On October 31, 2022, the Department of Homeland Security’s final rule on DACA went into effect. This new regulation formally establishes the Deferred Action for Childhood Arrivals (DACA) policy.
This is an effort by the Biden Administration to strengthen the legal underpinnings of DACA. This rule does not make any changes to who is eligible for DACA, it does not reopen DACA to first-time applicants, and it is not guaranteed to protect DACA from ongoing or future legal challenges.
The Deferred Action for Childhood Arrivals final rule contains the following:
The rule does not make any significant changes to DACA eligibility, protections, or the application process. Current DACA recipients can continue to renew if they are eligible, but the government is still barred under court order from processing new, first-time applications.
The rule is in effect as of October 31, 2022. Due to the ongoing court case, USCIS continues to process DACA renewals under the new rule but cannot process first-time applications.
On October 14, 2022, Judge Hanen of the U.S. District Court for the Southern District of Texas declared that USCIS cannot process and grant new, first-time applications for DACA, even under the new rule.
DACA has faced multiple legal challenges. One part of the initial ruling against DACA said that the government should have allowed for more public comment when creating the policy. The Biden Administration has gone through a formal rulemaking process to strengthen DACA; this will not address every issue cited in court rulings against DACA.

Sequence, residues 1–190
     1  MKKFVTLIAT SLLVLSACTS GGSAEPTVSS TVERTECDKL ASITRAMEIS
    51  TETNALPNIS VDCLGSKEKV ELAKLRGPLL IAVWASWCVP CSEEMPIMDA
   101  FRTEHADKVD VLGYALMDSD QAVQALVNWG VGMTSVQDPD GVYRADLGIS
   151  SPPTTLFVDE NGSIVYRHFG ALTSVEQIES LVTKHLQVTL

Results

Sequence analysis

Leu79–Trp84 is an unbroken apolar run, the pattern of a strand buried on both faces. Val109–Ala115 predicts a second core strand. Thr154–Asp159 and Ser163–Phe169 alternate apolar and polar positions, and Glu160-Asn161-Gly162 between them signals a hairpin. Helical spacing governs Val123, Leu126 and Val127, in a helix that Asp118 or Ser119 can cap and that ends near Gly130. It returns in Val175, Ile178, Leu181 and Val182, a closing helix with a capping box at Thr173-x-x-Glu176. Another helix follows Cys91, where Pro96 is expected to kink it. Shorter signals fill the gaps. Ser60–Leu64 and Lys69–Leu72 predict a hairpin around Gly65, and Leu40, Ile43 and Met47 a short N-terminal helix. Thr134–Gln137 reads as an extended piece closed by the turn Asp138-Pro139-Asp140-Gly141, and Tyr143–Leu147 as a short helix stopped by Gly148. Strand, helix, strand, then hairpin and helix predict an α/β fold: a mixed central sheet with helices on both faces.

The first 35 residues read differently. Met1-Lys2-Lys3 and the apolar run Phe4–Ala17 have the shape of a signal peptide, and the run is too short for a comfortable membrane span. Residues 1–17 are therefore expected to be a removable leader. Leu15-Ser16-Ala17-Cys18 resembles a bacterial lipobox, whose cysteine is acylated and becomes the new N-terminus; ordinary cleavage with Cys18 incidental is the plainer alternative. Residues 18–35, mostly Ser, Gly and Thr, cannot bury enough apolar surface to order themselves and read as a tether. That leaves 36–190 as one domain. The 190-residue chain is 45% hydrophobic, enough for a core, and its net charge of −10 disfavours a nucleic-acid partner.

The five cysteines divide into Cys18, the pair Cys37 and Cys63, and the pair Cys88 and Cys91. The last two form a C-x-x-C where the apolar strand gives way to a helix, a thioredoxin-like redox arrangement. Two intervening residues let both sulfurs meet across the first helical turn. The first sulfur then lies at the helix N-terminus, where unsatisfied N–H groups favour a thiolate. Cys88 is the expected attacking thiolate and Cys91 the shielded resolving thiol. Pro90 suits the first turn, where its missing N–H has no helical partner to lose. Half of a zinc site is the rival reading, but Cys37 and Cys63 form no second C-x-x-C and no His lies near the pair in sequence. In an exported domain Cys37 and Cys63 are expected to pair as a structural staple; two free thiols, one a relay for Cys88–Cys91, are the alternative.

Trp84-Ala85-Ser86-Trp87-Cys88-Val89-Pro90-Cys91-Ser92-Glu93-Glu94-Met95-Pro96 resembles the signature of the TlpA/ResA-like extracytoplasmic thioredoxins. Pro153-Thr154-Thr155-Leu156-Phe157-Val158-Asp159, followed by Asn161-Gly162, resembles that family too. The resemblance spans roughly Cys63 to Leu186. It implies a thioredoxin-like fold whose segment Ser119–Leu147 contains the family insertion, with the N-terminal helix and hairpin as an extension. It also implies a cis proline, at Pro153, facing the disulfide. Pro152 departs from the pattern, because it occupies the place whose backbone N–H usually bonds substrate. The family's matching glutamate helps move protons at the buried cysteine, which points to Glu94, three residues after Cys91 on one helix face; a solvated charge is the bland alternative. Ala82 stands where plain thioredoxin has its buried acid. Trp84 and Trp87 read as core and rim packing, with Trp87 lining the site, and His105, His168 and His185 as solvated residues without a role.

On October 5, 2022, the Fifth Circuit Court of Appeals published a decision in the Texas v. United States DACA case, agreeing with the lower court’s judgment that DACA is unlawful, and sending the case back to Judge Hanen to rule on the legality of the new rule. Legal experts continue to believe that this rule is unlikely to fundamentally shift the legal outcomes enough to protect DACA.
As noted above, one of the reasons Judge Hanen initially ruled that DACA is unlawful was because the government did not go through a full public comment process when it first issued the policy. While the DACA final rule responds to the procedural argument about public comment, it does not fundamentally shift the arguments regarding the issue of the government’s authority to implement the DACA policy in the first place, which was also under consideration by the Fifth Circuit. Despite the issuance of the new rule, the Fifth Circuit still determined that DACA is illegal, and remanded the case back to Judge Hanen to evaluate the new rule.
While we absolutely believe DACA is legal, we want to make sure people are prepared for future negative rulings that could impact the existence of the DACA policy, despite the issuance of the new rule.
Thank you for your feedback. Your submission has been successful.